Film was invented in Leeds.
A bold statement, but could it be true? Following on from our recent post about Alice Guy-Blaché, a largely forgotten about film pioneering woman, another documentary is being made about a gentleman called Louis Le Prince who is believed to be the first person to record and project a continuous piece of moving film in 1888. In 1890 though, he disappears and leaves no trace in the history books. This film is about uncovering the truth behind Le Prince. Below is the official text from The First Film’s Facebook page.
In October 1888 Louis Le Prince produced the world’s first films in Leeds, England. These were shot on cameras patented in both America and the UK. Once he had perfected his projection machine Le Prince arranged to demonstrate his discovery to the American public and thus the world.
On 16th September 1890, just days before he was due to sail to New York Louis Augustine Aime Le Prince stepped onto the Dijon to Paris train and was never seen again. No body was ever found so legally no one could fight the Le Prince claim that he invented a camera that recorded the very first moving image. As a result, several years later, Thomas Edison and the Lumiere Brothers were to claim to the glory and the prize of being acknowledged as the first people to pioneer film. Louis Le Prince was never added to history books. But for one lone voice, who worked with him, Le Prince’s name and his pioneering work was forgotten.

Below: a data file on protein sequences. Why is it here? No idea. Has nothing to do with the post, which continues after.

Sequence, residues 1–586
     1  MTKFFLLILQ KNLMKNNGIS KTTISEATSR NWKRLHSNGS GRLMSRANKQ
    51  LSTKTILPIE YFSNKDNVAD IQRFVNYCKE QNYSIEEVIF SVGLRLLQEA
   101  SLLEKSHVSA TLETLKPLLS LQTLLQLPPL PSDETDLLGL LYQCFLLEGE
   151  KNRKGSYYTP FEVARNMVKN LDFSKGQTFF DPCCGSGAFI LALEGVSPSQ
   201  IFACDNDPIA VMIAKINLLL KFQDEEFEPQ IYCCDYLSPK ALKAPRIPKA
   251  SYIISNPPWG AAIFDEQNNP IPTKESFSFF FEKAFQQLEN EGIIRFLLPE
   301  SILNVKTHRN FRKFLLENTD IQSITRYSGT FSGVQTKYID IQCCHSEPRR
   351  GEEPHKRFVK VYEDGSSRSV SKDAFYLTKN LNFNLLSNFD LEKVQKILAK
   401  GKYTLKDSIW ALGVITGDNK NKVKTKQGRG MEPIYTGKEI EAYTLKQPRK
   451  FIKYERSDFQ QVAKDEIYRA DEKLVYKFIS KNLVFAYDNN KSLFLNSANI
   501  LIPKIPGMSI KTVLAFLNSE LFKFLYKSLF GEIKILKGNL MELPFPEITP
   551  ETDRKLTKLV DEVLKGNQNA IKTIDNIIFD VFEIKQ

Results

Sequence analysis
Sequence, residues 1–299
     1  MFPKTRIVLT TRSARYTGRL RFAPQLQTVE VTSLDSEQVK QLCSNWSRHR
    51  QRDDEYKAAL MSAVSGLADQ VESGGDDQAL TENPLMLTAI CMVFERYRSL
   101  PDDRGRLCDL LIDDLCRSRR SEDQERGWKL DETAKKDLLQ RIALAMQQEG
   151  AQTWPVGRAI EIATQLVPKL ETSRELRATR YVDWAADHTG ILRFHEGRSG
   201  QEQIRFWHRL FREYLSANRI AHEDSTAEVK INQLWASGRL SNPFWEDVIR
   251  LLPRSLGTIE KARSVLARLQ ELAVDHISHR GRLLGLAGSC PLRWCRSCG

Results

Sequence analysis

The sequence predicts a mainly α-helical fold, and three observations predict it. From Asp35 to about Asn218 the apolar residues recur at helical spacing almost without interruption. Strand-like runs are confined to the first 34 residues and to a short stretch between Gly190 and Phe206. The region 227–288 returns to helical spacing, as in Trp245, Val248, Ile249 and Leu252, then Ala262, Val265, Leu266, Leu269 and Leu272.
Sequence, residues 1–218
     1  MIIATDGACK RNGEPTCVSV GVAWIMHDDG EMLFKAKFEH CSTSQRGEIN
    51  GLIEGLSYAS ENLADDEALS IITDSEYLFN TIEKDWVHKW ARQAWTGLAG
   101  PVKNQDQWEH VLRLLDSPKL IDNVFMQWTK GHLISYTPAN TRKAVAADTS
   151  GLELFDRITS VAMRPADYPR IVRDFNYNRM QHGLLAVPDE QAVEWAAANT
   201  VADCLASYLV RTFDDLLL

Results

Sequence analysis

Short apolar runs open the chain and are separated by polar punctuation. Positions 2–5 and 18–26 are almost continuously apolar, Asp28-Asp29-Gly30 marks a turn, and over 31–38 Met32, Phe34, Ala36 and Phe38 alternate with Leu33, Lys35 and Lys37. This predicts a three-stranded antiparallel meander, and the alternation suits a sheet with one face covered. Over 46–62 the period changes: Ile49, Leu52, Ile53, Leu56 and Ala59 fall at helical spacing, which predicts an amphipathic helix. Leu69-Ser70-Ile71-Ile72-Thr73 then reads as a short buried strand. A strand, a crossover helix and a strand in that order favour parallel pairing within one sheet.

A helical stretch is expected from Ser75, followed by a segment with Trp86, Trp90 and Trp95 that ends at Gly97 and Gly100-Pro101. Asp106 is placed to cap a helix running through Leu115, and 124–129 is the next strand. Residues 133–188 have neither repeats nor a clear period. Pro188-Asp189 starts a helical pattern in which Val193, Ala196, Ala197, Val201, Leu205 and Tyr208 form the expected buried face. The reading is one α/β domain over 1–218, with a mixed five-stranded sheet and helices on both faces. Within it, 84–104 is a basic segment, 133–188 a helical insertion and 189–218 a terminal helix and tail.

THE FIRST FILM is David Nicholas Wilkinson’s decades long quest to prove to the world that a Frenchman Louis Le Prince made the first films in 1888 and that the birthplace of motion pictures was not America nor France but in fact the city of Leeds in the county of Yorkshire, England.
The production started filming in April 2013 in the 125th anniversary year of this great event in world cinema.